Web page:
Canadian Forest Service Publications
The threat of the ambrosia beetle Megaplatypus mutatus (Chapuis) (=Platypus mutatus Chapuis) to world poplar resources. 2007. Alfaro, R.I.; Humble, L.M.; Gonzales, P.; Villaverde, R.; Allegro, G. Forestry 80: 471-479.
Issued by: Pacific Forestry Centre
Catalog ID: 28049
Available from the Journal's Web site. †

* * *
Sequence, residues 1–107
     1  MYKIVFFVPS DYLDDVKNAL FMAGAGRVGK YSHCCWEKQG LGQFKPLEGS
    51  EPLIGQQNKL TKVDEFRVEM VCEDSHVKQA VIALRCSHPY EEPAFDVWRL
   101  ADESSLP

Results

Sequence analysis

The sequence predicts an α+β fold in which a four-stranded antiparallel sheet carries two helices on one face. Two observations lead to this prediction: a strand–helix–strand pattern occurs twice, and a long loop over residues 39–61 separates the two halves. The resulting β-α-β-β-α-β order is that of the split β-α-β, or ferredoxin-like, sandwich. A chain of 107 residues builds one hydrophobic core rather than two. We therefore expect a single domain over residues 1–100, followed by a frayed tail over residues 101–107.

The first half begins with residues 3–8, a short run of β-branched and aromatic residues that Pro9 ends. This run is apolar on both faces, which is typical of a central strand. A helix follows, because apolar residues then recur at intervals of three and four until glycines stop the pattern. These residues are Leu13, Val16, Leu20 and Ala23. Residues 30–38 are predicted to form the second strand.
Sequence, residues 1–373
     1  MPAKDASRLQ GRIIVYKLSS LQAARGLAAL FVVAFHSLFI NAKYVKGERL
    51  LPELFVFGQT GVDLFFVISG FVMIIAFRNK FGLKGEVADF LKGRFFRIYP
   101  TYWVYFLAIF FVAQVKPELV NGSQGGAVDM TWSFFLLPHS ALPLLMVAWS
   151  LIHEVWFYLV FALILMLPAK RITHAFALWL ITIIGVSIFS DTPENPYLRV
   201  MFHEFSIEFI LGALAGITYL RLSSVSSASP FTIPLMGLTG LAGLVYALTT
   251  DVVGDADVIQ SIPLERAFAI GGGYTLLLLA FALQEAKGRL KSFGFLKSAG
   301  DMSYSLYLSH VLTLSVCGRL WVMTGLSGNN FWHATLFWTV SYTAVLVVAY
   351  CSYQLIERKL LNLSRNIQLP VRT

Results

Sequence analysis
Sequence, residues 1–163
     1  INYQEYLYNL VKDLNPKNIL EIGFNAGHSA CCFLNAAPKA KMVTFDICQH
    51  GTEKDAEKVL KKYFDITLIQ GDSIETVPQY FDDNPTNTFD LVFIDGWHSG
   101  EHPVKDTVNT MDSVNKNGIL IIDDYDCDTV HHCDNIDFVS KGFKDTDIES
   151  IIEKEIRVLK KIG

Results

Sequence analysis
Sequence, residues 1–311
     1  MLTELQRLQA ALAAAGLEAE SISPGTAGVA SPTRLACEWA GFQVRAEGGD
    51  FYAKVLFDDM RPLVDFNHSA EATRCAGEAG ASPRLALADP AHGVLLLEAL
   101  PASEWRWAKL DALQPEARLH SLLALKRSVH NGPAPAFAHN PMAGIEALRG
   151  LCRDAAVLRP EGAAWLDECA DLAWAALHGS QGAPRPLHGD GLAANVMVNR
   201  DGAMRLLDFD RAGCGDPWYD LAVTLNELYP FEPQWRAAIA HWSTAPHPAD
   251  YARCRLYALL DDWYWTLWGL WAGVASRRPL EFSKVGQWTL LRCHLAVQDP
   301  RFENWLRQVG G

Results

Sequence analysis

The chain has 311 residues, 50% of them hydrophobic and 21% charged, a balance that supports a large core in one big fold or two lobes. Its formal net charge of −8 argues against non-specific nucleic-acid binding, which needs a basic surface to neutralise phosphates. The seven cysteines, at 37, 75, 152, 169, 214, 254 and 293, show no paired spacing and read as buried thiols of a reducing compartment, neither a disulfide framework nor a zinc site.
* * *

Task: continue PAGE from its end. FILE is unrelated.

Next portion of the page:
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We describe the life cycle of Megaplatypus mutatus (Chapuis) (= Platypus mutatus ) and the damage it causes to poplar resources in Argentina. This insect, native to the subtropical and tropical areas of South America, has extended its range into temperate regions, reaching as far south as Neuquén in Argentinean Patagonia. The damage is caused by the adult insects, which bore large gallery systems into living poplars ( Populus spp.), willows ( Salix spp.) and many other broadleaf species, including important fruit trees species such as apples ( Malus spp.), walnuts ( Juglans spp.) and avocados (Persea spp.). The galleries degrade the lumber and weaken the tree stems, which often then break during windstorms. A recent introduction of M. mutatus to Italy demonstrates that this insect can be transported long distances between countries, and therefore presents a threat worldwide — particularly to poplar cultivation. We review the taxonomic nomenclature for this pest, provide a summary of the life cycle, hosts and damage and summarize actions taken to reduce the risk of introduction of M. mutatus to Canada.